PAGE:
There’s nothing more annoying than… Your email not working right. Outlook 2007 in this case.

Solving Outlook 2007 Problems with Scanpst.exe
Repairing PST file

Seriously, there’s a lot of things more annoying than your email not working right: computer not booting at all, an unexpected computer shutdown that hammers your last hour or three of work, the girlfriend deciding you need to go walk the dog while you’re in the middle of an elaborate programming project (or sleeping)… Yeah, there’s a few things more annoying than your email…

BUT, nonetheless, that is what greeted me when I woke up this am all ready to get down to brass tacks and kick off my week at 4 am today. Actually what REALLY greeted me was a black screen telling me that I needed to help the computer find a boot drive as it apparently had decided to arbitrarily reboot – never a good sign. That is sort of a scary message under any circumstances, however, this particular machine has a habit of doing that every once in a while. While the average person may think that every computer geek’s computer runs like a top – think again. Most of the computers that I have had in the past, and even now, have some sort of glitch that I work around. And that happens to be one I can live with. Annoying, but live-able. I digress..

So after I got through the little boot issue, I went to launch my Outlook. And things didn’t quite go as planned. Got messages about couldn’t execute sorting/filtering because Outlook couldn’t access a target folder for some of my rules. If you have any sort of email traffic, it’s a lot easier if you create Outlook rules to sort it when it comes in. When they don’t work right though, as in this case, it can be a problem.

So, I clicked on one of the items to see if there was some sort of issue with the email itself and hmmm.. Outlook couldn’t display the message. The computer had just alerted me that there were a bunch of updates for Office on Saturday, and I installed all of them, so I had a feeling that might be part of this. Time to do a quick restore. No biggie.

Well, it shouldn’t have been. But then the computer couldn’t restore to an earlier time because, God forbid, Windows couldn’t apparently recreate some of the Internet Explorer temp files. That makes great sense – all sorts of system files, dll’s and all that but let’s nix the whole process because Restore couldn’t handle some idiotic jpg file most likely. Microsoft, you might just need a sanity check in there.

Okay, so back to the old drawing board. Probably should have tried this one first, scanpst.exe. A fine little utility for resolving issues in the PST file – that’s the big fat file that actually stores that email from Aunt Meg with her cat pictures – as well as all those PowerPoint presentations that you used for your biggest customer, the annoying emails from SEO companies in broken English that proclaim that we TOO could be at the top of every search term in Google for just $99 PER MONTH – WHAT a deal. Yeah, what a deal.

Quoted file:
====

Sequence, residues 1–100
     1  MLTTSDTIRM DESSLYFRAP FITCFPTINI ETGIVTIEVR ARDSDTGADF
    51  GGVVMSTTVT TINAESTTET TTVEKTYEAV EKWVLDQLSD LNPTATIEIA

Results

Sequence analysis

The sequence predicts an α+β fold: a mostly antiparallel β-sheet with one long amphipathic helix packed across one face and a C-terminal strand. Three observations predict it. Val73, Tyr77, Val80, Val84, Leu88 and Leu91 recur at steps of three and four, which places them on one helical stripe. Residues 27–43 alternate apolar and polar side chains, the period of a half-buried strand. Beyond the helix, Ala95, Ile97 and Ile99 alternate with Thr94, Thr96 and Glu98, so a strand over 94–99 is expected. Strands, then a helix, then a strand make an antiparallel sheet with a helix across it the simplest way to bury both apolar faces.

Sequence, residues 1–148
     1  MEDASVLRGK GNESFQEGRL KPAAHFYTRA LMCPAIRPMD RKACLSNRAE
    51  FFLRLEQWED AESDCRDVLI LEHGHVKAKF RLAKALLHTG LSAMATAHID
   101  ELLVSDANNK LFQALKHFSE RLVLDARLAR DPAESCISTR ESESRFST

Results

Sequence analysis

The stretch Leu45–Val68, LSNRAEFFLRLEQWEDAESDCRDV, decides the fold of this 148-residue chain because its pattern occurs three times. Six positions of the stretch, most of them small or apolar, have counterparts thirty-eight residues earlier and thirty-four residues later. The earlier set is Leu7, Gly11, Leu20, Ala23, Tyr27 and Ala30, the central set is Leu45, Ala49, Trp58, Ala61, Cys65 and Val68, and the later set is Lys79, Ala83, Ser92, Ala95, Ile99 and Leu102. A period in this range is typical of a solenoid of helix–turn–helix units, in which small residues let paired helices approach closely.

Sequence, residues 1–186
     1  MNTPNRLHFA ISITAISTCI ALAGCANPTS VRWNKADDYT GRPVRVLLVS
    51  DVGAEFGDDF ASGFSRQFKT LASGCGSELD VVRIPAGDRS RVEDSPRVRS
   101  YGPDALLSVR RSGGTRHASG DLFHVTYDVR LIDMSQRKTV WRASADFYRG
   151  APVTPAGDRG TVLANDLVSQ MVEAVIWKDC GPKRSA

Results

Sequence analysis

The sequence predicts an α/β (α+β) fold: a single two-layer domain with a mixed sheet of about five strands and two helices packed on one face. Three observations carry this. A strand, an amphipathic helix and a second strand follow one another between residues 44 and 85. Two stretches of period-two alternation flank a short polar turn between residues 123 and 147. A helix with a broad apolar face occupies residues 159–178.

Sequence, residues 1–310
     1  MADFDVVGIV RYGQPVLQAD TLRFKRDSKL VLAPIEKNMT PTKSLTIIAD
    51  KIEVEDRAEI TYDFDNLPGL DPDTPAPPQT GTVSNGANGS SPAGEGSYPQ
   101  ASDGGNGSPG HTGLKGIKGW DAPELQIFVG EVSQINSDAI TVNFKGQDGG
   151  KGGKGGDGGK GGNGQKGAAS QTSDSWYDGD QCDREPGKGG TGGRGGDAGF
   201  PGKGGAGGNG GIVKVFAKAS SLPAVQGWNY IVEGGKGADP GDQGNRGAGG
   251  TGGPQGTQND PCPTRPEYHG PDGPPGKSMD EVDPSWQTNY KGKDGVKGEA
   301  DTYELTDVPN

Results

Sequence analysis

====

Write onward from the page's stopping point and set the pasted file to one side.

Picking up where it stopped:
Regardless, I was going to need to get into my email again, so let’s do the whole scanpst thing. It’s usually located in your C:\Program Files\Microsoft Office\OfficeXX folder. However, if you’re running a 32 bit version, look in the C:\Program Files (x86)\Microsoft Office\OfficeXX folder. Double-click it.

Scanpst.exe will ask you where the file is that you want to check for errors. You will find this in a normally hidden folder. In Windows 7, you’ll want to go to in the toolbar (or you can do this in the control panel too under “Folders”) “Tools” => “Folder Options” => Go to the “View” tab and click “Show hidden files, folders and drives”. And then, you should be able to see the all-important AppData folder.

Drilldown into that folder a bit like this – C:\Users\YOURUSERNAME\AppData\Local\Microsoft\Outlook and point scanpst.exe to the Outlook.pst file. And let it fly. You may get a message or two, but it’s pretty much a self-contained problem resolver without a whole lot of interaction. It’s going to likely tell you that it found problems and would you like to correct them? Tell it yes and let it fly. And let it make a backup. Always do a backup – just in case.

Whole process shouldn’t take more than 15 minutes or so when using the scanpst.exe. My outlook.pst is right at 2 GB so, that would likely be a worst case scenario… Then again if you have a dog slow computer, your mileage MAY vary.

Happy computing!

One Response

  1. This information is really very informative. I had find answers to all my queries related to scanpst. It has helped me a lot. I couldn’t find the location of scanpst in my system and really it had explained very well in this section.

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